Thank you for using the timer - this advanced tool can estimate your performance and suggest more practice questions. We have subscribed you to Daily Prep Questions via email.

Customized for You

we will pick new questions that match your level based on your Timer History

Track Your Progress

every week, we’ll send you an estimated GMAT score based on your performance

Practice Pays

we will pick new questions that match your level based on your Timer History

Not interested in getting valuable practice questions and articles delivered to your email? No problem, unsubscribe here.

It appears that you are browsing the GMAT Club forum unregistered!

Signing up is free, quick, and confidential.
Join other 500,000 members and get the full benefits of GMAT Club

Registration gives you:

Tests

Take 11 tests and quizzes from GMAT Club and leading GMAT prep companies such as Manhattan GMAT,
Knewton, and others. All are free for GMAT Club members.

Applicant Stats

View detailed applicant stats such as GPA, GMAT score, work experience, location, application
status, and more

Books/Downloads

Download thousands of study notes,
question collections, GMAT Club’s
Grammar and Math books.
All are free!

Thank you for using the timer!
We noticed you are actually not timing your practice. Click the START button first next time you use the timer.
There are many benefits to timing your practice, including:

I. If p is a prime number greater than 2, what is the value [#permalink]

Show Tags

10 Jun 2007, 18:44

This topic is locked. If you want to discuss this question please re-post it in the respective forum.

I. If p is a prime number greater than 2, what is the value of p?
(1) There are a total of 100 prime numbers between 1 and p+1
(2) There are a total of p prime numbers between 1 and 3,912

Could anyone suggest the best way to solve this problem?

II) [ x, 3, 1, 12, 8 ]
If x is an integer, is the median of the 5 numbers shown greater than the average (arithmetic mean) of the 5 numbers?

1) x > 6
2) x is greater than the median of the 5 numbers

I. If p is a prime number greater than 2, what is the value of p? (1) There are a total of 100 prime numbers between 1 and p+1 (2) There are a total of p prime numbers between 1 and 3,912

Could anyone suggest the best way to solve this problem?

II) [ x, 3, 1, 12, 8 ] If x is an integer, is the median of the 5 numbers shown greater than the average (arithmetic mean) of the 5 numbers?

1) x > 6 2) x is greater than the median of the 5 numbers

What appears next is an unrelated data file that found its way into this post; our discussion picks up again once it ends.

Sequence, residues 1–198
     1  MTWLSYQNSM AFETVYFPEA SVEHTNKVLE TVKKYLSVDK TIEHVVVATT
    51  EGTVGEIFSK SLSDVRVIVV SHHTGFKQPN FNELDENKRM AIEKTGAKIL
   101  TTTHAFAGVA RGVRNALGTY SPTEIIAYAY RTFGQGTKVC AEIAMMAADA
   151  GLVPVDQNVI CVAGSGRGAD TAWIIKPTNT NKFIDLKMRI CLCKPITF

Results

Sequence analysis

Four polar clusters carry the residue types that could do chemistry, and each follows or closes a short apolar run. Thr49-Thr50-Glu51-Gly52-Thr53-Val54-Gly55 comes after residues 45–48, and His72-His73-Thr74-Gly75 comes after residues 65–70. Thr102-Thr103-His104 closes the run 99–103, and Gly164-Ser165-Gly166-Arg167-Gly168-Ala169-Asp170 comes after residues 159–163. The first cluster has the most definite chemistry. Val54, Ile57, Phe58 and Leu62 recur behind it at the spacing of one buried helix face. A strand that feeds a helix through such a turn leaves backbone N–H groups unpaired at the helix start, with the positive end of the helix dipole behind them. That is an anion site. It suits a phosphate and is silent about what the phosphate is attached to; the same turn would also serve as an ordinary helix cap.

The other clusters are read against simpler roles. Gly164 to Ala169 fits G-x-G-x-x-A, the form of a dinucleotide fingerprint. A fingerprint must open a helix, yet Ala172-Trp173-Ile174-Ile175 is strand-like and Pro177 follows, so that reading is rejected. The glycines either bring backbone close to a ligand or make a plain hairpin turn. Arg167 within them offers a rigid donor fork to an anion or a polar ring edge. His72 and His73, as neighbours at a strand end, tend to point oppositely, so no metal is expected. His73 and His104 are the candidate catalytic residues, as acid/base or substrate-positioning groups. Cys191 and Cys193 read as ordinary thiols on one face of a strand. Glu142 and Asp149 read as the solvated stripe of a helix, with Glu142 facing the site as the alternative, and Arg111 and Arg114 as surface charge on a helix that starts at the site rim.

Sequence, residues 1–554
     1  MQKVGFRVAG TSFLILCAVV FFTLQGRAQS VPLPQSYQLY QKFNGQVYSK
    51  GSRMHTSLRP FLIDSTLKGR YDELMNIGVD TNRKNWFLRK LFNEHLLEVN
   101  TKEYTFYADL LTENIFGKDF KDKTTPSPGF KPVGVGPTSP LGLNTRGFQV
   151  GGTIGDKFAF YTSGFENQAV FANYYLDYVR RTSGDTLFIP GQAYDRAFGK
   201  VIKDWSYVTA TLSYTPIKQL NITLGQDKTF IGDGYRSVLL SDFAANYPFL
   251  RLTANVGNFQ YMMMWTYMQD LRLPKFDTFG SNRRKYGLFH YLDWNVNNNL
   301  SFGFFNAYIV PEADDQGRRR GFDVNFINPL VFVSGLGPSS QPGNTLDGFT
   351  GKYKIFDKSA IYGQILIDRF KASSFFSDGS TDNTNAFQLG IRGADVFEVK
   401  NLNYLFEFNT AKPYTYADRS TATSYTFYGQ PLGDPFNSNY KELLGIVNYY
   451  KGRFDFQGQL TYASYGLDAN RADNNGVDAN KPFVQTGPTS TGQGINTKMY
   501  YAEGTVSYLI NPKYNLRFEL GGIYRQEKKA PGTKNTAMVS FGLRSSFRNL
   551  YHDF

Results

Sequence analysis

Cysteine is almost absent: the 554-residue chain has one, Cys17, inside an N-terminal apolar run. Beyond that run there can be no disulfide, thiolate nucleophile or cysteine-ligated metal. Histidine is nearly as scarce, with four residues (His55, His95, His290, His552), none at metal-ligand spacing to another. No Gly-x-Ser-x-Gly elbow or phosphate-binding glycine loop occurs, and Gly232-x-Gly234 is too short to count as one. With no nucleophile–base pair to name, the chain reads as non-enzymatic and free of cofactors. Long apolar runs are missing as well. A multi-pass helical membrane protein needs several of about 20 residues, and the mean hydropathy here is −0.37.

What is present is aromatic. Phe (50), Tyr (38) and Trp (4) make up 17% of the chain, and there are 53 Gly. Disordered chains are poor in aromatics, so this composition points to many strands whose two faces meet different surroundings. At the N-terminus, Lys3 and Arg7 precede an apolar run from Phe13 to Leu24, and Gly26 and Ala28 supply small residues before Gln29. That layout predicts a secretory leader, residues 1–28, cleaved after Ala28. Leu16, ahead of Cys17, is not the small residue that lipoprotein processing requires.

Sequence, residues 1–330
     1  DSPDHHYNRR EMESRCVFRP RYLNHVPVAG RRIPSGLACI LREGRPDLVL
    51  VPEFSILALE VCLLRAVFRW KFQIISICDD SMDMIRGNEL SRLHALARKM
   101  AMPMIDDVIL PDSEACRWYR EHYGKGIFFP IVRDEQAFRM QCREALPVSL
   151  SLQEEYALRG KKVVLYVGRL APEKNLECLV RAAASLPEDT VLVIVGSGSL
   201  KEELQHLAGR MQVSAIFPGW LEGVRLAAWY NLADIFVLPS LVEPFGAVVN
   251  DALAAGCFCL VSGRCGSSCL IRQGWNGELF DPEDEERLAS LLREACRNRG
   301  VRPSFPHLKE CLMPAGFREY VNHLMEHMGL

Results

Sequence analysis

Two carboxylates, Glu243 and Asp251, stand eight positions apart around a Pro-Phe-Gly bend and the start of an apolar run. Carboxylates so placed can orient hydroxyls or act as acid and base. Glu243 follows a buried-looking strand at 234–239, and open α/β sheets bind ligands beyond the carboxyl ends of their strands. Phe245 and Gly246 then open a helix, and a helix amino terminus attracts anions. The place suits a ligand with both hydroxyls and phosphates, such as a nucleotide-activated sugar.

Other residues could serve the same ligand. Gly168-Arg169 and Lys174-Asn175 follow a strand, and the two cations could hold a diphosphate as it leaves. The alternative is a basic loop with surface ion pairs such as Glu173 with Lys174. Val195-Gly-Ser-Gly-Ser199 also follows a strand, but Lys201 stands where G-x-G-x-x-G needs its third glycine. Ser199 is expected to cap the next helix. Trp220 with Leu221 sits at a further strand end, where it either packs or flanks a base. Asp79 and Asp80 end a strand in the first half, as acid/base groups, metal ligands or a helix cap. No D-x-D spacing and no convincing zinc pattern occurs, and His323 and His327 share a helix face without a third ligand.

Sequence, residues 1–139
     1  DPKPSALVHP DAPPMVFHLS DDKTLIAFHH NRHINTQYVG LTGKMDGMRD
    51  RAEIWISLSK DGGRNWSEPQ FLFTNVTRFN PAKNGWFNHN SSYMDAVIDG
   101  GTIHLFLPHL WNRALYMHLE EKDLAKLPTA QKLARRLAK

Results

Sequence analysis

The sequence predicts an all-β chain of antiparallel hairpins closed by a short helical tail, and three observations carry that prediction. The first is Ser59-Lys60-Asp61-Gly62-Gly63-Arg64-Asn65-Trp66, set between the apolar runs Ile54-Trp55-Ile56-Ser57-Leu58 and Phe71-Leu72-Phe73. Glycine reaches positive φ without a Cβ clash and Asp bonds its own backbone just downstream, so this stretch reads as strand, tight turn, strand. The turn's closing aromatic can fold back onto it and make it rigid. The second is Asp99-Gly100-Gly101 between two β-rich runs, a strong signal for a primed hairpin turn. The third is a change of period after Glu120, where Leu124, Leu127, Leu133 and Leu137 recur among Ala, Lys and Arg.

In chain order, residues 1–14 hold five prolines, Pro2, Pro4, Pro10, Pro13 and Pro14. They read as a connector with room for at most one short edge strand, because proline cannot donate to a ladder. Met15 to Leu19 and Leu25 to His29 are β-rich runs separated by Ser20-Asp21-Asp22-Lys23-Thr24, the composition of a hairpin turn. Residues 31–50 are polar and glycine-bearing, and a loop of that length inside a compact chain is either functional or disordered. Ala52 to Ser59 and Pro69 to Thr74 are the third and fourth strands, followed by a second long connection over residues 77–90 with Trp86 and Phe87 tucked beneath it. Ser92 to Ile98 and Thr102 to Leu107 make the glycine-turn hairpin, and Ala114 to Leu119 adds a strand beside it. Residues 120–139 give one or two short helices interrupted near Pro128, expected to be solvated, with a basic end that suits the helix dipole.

IMO E

Question 1: Remember we only need to know whether we're able to solve the problem. Both of those statements give enough information to do so, but figuring the answer is beyond the scope of the problem. The answer is D because if we had enough time, we could find p from both statements.

I. If p is a prime number greater than 2, what is the value of p?
(1) There are a total of 100 prime numbers between 1 and p+1
(2) There are a total of p prime numbers between 1 and 3,912

Could anyone suggest the best way to solve this problem?

1. To identify p you need to know a unique identifier for it. Lets consider the fisrt option"There are a total of 100 prime numbers between 1 and p+1 "

Since p is prime(given), then p+1 cannot be prime. So p is the 100th prime number --> hence unique

So we can find out p using statement 1 only.
Note that you dont really need to calculate the value of p...just think of a way of identifying it

2.Now consider option 2:"There are a total of p prime numbers between 1 and 3,912 "

To begin with...I dont know how many prime number are between 1 and 3,912...but do i need to know it for solving this question...The answer is 'NO'

All you need to know is that there is a unique no. (say X) and according to question X = p.

Lets consider statement 1:
x> 6
Then my possible sets are:
1. [1,3,x,8,12] -->
Median = x = 7
Mean = 6.2

2. [1,3,8,x,12] (x = 8 or 9 or 10 or 11)
Median = 8
Mean = 6.4 to 7
Median > Mean

3. [1,3,8,12,x] ( x>= 12)
Median = 8
Mean >= 7.2
Median > Mean or Median < Mean both possible

Hence, staement 1 alone not sufficient

Consider statement 2:"X is greater than the median of the 5 numbers"

All possible sets are:

A. When x<6> 3

(i)[1,3,x,8,12]

Median = 4, 5, 6
Mean = 5.6 , 5.8, 6
Median < Mean or Mean = Median both possible
x= Median

(ii) [1,x,3,8,12] (x <= 3)
Median = 3
Mean = 5 , 5.2, 5.4
Median < Mean
x <Median> 6

Then my possible sets are:
1. [1,3,x,8,12] -->
Median = x = 7
Mean = 6.2
Median > Mean
X = Median
2. [1,3,8,x,12] (x = 8 or 9 or 10 or 11) Median = 8 Mean = 6.4 to 7 Median > Mean x >= Median 3. [1,3,8,12,x] ( x>= 12) Median = 8 Mean >= 7.2 Median > Mean or Median <Mean> Median

Sets 2 and 3 above are the ones which become applicable for option "Both Statement Together"
But even then we cannot say conclusively whether Median > Mean
Hence answer is E

(1) The fact that x>6 doesn't lead us to a median of either X or 8. Each median results in a different relation between the median and the mean.

statement 1 is insufficient

(2) If X is greater than the median, then the median has to be 8. Yet, X can be a really huge integer and thus inflate the mean OR can be 7 which results in a much smaller mean and thus switched the relationship between the median and the mean

I. If p is a prime number greater than 2, what is the value of p? (1) There are a total of 100 prime numbers between 1 and p+1 (2) There are a total of p prime numbers between 1 and 3,912

My answer is D We don't need to count. Sufficient only to know that it's possible to count if needed.

II) [ x, 3, 1, 12, 8 ] If x is an integer, is the median of the 5 numbers shown greater than the average (arithmetic mean) of the 5 numbers?

1) x > 6 2) x is greater than the median of the 5 numbers

IMO E My answer is E here as x in both cases can be as small as 7 or 9, and as big as 1000 000 000...

Please provide the OAs

gmatclubot

Re: Number property
[#permalink]
14 Jun 2007, 10:09